Individuals with considerable wealth are undoubtedly pleased by the newly doubled estate and gift tax exemption, but practitioners say the opportunity for wealth tax savings is just getting started.
Now that high-income individuals are operating under greatly increased thresholds for estate and gift tax exemption — courtesy of the Tax Cuts and Jobs Act (P.L. 115-97) — elderly relatives and friends can offer clients a way to obtain a basis step-up on highly appreciated assets, or even to gain access to additional generation-skipping transfer tax exemptions.
To do this requires “upstream” planning, in which a client shifts assets meant for a child or grandchild to a parent whose estate can afford to absorb the value of the assets without triggering the tax. When the parent dies, the intended recipient can inherit those assets, only now with a step-up in basis. In the case of gifting indirectly to grandchildren, this method enables the grandchild to inherit the assets without the client using up the GSTT exemption.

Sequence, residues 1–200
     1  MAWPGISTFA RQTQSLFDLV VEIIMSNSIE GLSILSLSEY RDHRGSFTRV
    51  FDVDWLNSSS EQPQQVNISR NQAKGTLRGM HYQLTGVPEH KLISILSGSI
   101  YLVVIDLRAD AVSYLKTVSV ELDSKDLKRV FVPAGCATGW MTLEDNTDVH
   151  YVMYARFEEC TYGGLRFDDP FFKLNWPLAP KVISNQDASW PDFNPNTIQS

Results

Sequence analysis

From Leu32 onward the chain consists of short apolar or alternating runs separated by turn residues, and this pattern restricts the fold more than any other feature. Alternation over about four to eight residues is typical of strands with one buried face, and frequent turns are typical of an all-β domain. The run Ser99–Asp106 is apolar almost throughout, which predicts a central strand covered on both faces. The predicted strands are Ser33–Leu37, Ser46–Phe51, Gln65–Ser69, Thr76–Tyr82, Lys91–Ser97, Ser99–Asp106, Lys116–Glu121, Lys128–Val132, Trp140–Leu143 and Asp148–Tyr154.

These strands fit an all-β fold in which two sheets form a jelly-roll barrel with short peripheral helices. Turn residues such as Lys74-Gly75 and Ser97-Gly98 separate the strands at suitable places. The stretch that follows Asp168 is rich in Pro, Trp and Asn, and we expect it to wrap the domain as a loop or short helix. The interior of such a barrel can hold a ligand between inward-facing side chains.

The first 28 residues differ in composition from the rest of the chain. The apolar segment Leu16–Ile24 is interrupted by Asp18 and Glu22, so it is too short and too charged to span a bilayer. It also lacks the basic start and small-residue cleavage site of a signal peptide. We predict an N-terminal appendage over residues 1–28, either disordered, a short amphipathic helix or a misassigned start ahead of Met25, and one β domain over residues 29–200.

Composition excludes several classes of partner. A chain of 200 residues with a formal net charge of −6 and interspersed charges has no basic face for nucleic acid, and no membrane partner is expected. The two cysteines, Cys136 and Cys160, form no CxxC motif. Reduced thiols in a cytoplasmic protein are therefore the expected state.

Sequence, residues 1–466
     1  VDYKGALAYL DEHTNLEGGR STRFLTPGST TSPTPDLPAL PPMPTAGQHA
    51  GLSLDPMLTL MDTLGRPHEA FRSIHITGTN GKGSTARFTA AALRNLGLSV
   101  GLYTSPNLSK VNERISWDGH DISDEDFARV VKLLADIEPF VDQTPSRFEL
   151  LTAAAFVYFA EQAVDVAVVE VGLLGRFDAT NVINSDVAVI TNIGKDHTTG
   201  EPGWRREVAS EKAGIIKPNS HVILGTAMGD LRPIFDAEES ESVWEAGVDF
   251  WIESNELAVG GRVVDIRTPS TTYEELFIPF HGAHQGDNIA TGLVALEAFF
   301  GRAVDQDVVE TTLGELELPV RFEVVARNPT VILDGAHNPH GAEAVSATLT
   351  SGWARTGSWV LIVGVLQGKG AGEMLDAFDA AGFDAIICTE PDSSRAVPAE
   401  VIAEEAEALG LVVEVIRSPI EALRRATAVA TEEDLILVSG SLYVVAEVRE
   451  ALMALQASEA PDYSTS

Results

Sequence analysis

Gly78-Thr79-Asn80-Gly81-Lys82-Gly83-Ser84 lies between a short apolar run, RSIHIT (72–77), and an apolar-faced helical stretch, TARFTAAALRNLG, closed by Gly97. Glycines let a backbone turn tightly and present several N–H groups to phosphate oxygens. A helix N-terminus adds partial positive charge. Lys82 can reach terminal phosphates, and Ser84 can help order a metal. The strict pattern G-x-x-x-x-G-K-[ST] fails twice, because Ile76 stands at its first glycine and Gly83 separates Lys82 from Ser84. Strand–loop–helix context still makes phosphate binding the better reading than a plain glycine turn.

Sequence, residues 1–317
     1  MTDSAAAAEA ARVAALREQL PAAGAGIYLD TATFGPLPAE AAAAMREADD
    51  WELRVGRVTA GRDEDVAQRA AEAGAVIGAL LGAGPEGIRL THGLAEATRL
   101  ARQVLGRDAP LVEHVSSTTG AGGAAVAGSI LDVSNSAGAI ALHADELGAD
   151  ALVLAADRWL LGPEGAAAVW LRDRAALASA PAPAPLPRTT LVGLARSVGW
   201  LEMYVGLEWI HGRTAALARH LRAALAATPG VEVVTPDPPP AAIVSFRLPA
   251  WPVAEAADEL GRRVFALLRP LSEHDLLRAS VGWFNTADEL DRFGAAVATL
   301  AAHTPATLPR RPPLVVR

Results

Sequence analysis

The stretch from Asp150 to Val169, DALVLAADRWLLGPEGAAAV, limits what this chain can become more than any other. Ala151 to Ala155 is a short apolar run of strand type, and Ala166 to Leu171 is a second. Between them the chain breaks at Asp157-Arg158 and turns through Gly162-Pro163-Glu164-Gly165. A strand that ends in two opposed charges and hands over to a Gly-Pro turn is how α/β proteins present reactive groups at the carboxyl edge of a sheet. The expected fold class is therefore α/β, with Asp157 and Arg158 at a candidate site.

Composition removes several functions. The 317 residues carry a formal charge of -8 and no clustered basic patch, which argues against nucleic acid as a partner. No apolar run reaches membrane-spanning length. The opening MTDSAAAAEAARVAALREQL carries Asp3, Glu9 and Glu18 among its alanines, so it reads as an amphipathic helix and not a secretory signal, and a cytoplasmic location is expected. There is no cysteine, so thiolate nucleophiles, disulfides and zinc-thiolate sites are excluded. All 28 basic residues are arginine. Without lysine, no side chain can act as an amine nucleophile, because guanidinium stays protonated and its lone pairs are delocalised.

While upstream planning theoretically could have worked before the TCJA, the law’s doubling of the individual gift and estate tax exemption amount to $10 million makes it much more viable, according to Turney P. Berry of Wyatt Tarrant and Combs LLP. And that $10 million exemption is expected to be north of $11.2 million when inflation adjustments are factored in.
“Now that you’ve got $11 million to work with, there are a lot of things that all of a sudden start to be worth the trouble,” said Berry, who heads the firm’s trust and estate planning service.
Jonathan Blattmachr of Pioneer Wealth Partners LLC referenced the “enormous opportunity” the TCJA affords to upstream planning during a February 27 American Bar Association Section of Taxation webinar. Every estate tax planner has clients who can benefit from this type of planning, he said.
You’ve Got the Power
One way upstream planning can be used to help clients with moderate wealth is to create a trust and assign the parent a general power of appointment (GPOA) over the trust.
Carlyn S. McCaffrey of McDermott Will and Emery, described how this technique could apply in a situation in which a client has more estate and gift tax exemption than they need right now, but who could use a step-up in basis on some highly appreciated assets.